Spanish police raided a farm and rescued 41 severely malnourished dogs after receiving a complaint from an animal welfare organization.
Some of the dogs were just skin and bones.
In a video posted by the police on Twitter, the dogs were seen confined in an exposed, fenced-up enclosure.
Tipped off by animal welfare organization
According to the press release by the police, Guardia Civil (Civil Guard), on Aug. 18, 2020, its Nature Protection Service department, Seprona, was contacted by the National Association of Animal Friends (ANAA, Asociación Nacional Amigos de los Animales) alleging mistreatment of a large number of animals on a farm in the town of Quintanar de la Orden, Toledo.
Officers from Seprona investigated the farm on Aug. 16 and found 41 “near-starved” dogs kept in an “unhygienic” building, according to The Sun.
The dogs were showing serious symptoms of malnutrition and physical weakness. Most had cachexia (a wasting disorder) and were dehydrated due to lack of food and water.
Twenty-nine of the dogs required serum transfusion, but thanks to the timely alert, all 41 dogs were saved and are recovering well under the care of various animal welfare groups, including ANAA.
The dogs were found without microchips (which could verify their identity), and the lady owner did not have the mandatory documentation for possessing them and information regarding their health.
The owner has been charged with animal abuse. It was not clear why she had so many dogs that she kept in such poor conditions.
In 2019, a court in Barcelona convicted owners of a pet shop for animal abuse, according to Euro Weekly News. A total of 135 animals were found. Many were injured, dehydrated, and very sick. Some puppies were in such bad shape that they died soon after.
The judge sentenced the owners to a year and a day in jail, and banned them from handling animals for three years. The owners showed “indisputable neglect of the animals where there was absence of necessary treatment for sick puppies, which resulted in the death of nine,” said the judge.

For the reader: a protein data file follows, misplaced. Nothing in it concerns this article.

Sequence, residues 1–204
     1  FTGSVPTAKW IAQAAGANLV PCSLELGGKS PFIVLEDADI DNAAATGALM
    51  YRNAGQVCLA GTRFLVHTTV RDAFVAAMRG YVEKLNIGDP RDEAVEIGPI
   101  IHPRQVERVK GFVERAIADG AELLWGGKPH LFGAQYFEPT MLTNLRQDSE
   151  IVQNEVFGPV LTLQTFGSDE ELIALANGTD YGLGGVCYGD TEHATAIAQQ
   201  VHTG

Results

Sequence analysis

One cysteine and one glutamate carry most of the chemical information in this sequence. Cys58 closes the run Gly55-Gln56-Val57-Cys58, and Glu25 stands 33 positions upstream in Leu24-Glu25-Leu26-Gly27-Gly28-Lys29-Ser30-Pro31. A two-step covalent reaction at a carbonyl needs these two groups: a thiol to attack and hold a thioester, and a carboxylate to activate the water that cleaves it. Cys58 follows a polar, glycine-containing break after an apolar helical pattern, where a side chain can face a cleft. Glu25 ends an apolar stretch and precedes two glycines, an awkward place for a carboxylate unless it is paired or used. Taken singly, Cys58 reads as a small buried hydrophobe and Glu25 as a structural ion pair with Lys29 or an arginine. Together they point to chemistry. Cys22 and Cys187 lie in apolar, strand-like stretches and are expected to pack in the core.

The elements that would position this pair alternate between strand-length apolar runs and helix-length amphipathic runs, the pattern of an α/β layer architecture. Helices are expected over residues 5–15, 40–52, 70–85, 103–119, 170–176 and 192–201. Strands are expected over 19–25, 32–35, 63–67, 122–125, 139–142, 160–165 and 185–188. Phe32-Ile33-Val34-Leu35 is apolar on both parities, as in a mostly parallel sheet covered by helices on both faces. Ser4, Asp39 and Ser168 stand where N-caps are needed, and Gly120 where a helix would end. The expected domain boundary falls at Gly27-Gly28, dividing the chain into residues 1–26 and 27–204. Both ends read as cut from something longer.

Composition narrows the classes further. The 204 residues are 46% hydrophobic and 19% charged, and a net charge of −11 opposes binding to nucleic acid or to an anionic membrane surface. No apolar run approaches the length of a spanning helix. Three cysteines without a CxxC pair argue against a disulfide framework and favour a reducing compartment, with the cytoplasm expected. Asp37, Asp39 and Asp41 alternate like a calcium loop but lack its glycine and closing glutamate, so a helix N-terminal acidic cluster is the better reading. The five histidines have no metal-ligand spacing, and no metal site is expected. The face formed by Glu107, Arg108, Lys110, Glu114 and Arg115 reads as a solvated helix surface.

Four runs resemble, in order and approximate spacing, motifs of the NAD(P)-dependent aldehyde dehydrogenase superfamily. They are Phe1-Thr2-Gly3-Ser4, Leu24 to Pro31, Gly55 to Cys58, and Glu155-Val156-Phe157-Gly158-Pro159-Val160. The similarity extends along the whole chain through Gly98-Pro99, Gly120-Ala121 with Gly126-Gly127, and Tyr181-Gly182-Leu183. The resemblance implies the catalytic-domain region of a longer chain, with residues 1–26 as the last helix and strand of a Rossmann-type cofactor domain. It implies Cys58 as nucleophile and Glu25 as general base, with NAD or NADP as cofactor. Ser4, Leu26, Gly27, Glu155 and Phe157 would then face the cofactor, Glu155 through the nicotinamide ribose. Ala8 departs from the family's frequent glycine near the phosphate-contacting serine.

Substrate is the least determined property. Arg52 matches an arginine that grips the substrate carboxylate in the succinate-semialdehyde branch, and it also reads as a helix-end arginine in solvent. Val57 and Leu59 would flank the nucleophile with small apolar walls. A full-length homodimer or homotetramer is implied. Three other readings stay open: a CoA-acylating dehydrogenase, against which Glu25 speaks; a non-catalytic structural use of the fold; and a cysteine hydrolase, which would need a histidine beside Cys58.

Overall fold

There was “no type of justification for what has happened,” he said.
Awareness of dog abuse increasing in Spain
Abuse of dogs, greyhounds in particular, is an issue that has gained prominence in recent years.
Spain is one of the few European countries where hunters are allowed to use greyhounds (galgos in Spanish) to help them catch prey such as rabbits and hares. According to The Local, hunters own many greyhounds, and some of them place little value on their lives.
“Hunters have at least ten,” said Teresa Regojo of the Galgos en Familia rescue group, which runs a greyhound shelter in Malaga in southwestern Spain. “They make them reproduce without any control to have a champion greyhound.”
“The domestic dog, that we have at home, is an object of affection, that you love and care for,” said a spokesman for Seprona. “But for hunters, dogs are often just another tool for the hunt.”
Some owners train their greyhounds by tying them to their cars and then driving their cars at 60 kilometers (40 miles) per hour, according to Eduardo Aranyo of Spanish animal protection party PACMA.
“There are animals that end up destroyed, literally dragged by the car,” he said.
When the four-month-long hunting season ends, many hunters abandon their greyhounds. Out of the 150,000 animals abandoned in Spain each year, one-third are greyhounds, according to estimates by campaigners like SOS Galgos and Galgos del Sur. Hundreds of these abandoned greyhounds wind up in municipal kennels, where many are put to sleep.
Some owners even outright drown or hang their dogs.
But in recent years, Spanish courts have passed stricter sentences for abuse of greyhounds.
In 2013, a greyhound breeder and president of an association of hunters was sentenced in Toledo to seven months jail for hanging two dogs.
Animal lovers also launched a petition calling for the European Parliament to outlaw the practice of hunting with greyhounds.
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